To Be Italian

By Nina Boccia

Nonno Genesio standing beside his tomato plants at his Jane and Sheppard home

Confused and nervous, I swung around and stared at my mother, who was standing at the foot of our driveway on a quiet cul de sac in Toronto’s west end. I had no idea what the kids standing in front of me were saying. Sensing my panic, she rushed over to take the post as translator. I was three years old and I didn’t speak a lick of English.

Up until then, my parents and I had communicated entirely in Italian. My father Bruno, the son of postwar immigrants, and my mother Violante, an immigrant who docked at Halifax’s Pier 21 in March 1964, decided that as soon I started speaking, it would be in Italian. It also pleased both sets of Nonnis (grandparents named Genesio, Pina, Gino and Angela), whose broken English ­– Italiese – had not been fixed despite nearly 30 years of residency and moderate assimilation. Nudged by the incident with the neighbourhood kids and the looming start of kindergarten, my parents figured it was time I learned Canada’s official language.

I went to Catholic elementary school, where the curriculum included a daily Italian lesson. I can still recite the Our Father and Hail Mary prayers. I can sing Fratelli d’Italia – Italy’s national anthem – and I can watch the evening news on OMNI without subtitles. I can properly pronounce the names of every single Italian woman Silvio Berlusconi has allegedly slept with and I can translate each issue of Corriere Canadese, the “Canadian Italian Daily News.”

Canadian Italian. I usually switch that order when I’m asked, “What are you?” At five feet tall, I’ve got instantly recognizable short curly hair and beady brown eyes. Depending on the angle in which I’ve winged my eyeliner,my best friend says I’m a carbon copy of actress Drea de Matteo, best known for playing mafia princess Adriana La Cerva on The Sopranos. Yet many people take a wide-eyed step back and exclaim, “But you’re so light!,” apparently shocked that I don’t have the olive skin typically found on southern Italians. The colour that once so blatantly marked hundreds of thousands of Italian immigrants as not truly “white” continues to racialize their descendants. By opting to state my dual identity, I make it clear that I’m proud to reclaim and even parade an identity my grandparents and parents buried in order to appear just as white as the mangiacakes (a reference to WASPs, which literally means “cake-eaters”).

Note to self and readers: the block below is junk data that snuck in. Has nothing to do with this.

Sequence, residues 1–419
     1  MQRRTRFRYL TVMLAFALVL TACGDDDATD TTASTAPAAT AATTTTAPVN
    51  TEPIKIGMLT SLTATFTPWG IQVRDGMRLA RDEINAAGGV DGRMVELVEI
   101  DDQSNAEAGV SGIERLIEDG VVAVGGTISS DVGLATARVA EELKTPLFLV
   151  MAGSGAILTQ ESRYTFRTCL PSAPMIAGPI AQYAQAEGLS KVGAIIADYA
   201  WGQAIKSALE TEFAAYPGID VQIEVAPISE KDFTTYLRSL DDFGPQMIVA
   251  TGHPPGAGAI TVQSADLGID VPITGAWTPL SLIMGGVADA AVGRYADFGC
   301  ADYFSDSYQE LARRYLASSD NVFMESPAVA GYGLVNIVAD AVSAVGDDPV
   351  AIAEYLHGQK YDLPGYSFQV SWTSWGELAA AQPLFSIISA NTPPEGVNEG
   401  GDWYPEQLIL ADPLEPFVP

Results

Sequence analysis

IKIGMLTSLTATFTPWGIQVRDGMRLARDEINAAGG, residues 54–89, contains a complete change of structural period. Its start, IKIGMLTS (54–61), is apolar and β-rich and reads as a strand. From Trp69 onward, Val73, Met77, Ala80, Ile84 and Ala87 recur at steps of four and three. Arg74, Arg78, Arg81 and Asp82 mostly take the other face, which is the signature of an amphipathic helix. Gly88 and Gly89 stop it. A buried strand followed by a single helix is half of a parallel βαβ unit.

You’ve encountered the young, loud, gesticulating Italians, I’m sure. When Italy (barely) makes it to the World Cup semi-finals, we howl like the wild dogs roaming the streets of Sicily. “FORZA AZZURRI!” can be heard from College and Euclid to St. Clair and Dufferin, north to Langstaff and Hwy 27. We always correct the mispronunciation of gnocchi (it’s nyok-kee, not gee-naw-kee) and we quote The Godfather verbatim and with a deep sense of ownership (Francis Ford Coppola is one of us, don’t you know?). We weren’t always so visibly proud. When my maternal grandparents moved from Toronto to Oshawa in 1973, a neighbour deemed them racially suspect. “Mafiosi live here,” my dark-skinned grandfather remembers overhearing. My parents faced ridicule when they brought delicious veal parmigianna or rapini paninis to school for lunch. My mother begged my Nonna Angela to buy bologna and make peanut butter and jam sandwiches. My father went on hunger strike until my Nonna Pina reluctantly gave in and substituted sliced bread for the traditional Italian loaves. All this so their white friends wouldn’t point and tease.

In the 1970s, my mother tried endlessly to explain the spirit and economic value of “Tomato Day” (a late-August day spent jarring enough tomatoes for a year-round supply of pasta sauce) to her WASP counterparts. Now I constantly boast about my Nonno’s 99 tomato plants and even invite my mangiacake friends to take part in the almost 15-hour long process.  While all the quintessentially Italian toppings (Stracciatella, pecorino and prosciutto) to name a few) at Pizzeria Libretto may woo you, you haven’t had real Italian pizza until you’ve had my mother’s thin-crust dough topped with just rosemary and extra-virgin olive oil. Ironically, we call it pizza bianca (white). And all my caker friends are big fans.

Nina Boccia is an associate editor at Azure and managing editor at Designlines. She hates lasagna and puts sambuca – not sugar – in her espresso. 
 
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